Although there are numerous studies regarding Alzheimer's disease (AD), the cause and progression of AD are still not well understood. The researches in the past decade implicated amyloid-beta (Aβ) overproduction as a causative event in disease pathogenesis, but still failed to clarify the mechanism of pathology from Aβ production to central neural system defects in AD. The present review raises the hypothesis that the onset of AD pathology is closely related with mitochondrial dysfunction induced by Aβ and brain-derived neurotrophic factor (BDNF) axonal transport deficits. It is well-known that axonal transport defect and attenuation of BDNF-neurotrophic tyrosine receptor kinase 2 (TrkB) signal are fatal to neuronal function and survival. We hypothesized that abnormal amyloid precursor protein (APP) processing and Aβ production in mitochondria disturb the axonal transport by impairing mitochondrial function and attenuate BDNF-neurotrophic tyrosine receptor kinase 2 signal subsequently. For this hypothesis, the factors related with the initiation of AD pathology are not only limited to the neurons per se but also expanded to the microenvironment around neurons, such as the secretion of BDNF from astrocytes. The modification of the origin in this pathway may contribute to slow down the disease progression of AD.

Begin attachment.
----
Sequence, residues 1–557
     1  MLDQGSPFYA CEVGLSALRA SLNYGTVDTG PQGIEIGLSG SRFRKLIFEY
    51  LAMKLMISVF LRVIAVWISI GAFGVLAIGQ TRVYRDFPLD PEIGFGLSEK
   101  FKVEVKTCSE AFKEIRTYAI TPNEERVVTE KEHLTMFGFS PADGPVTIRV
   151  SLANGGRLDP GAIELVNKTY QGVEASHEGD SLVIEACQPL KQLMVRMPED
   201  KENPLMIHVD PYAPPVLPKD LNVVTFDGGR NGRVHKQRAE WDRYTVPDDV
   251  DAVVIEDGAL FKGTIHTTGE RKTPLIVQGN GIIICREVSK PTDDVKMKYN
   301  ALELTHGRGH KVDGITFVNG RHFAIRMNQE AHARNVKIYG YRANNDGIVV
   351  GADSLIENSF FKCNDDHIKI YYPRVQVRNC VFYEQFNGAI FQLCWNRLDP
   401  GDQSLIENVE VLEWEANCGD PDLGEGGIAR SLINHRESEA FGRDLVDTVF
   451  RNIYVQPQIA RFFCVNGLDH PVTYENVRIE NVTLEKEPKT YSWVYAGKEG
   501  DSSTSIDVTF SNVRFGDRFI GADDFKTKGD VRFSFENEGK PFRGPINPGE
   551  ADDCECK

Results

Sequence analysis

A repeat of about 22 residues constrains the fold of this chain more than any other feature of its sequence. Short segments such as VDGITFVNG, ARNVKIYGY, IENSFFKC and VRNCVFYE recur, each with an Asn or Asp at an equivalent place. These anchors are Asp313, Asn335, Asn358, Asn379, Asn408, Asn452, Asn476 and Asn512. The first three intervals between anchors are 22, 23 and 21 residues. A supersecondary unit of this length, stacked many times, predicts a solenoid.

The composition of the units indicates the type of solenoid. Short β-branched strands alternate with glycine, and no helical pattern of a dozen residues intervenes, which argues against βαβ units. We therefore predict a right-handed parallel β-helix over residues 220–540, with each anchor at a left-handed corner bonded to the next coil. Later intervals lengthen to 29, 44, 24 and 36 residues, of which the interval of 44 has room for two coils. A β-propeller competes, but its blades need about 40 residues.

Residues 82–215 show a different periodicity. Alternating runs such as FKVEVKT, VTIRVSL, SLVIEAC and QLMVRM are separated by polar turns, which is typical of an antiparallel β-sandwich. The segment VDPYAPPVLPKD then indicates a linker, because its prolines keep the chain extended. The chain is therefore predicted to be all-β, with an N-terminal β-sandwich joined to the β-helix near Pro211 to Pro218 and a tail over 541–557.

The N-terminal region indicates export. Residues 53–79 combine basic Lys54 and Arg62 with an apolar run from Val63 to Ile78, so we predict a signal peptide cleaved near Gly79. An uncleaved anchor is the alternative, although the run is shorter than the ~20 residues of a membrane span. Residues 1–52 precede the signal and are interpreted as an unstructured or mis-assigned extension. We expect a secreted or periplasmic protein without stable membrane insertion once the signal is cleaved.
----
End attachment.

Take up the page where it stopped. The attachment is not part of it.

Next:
Copyright © 2012 Elsevier Inc. All rights reserved.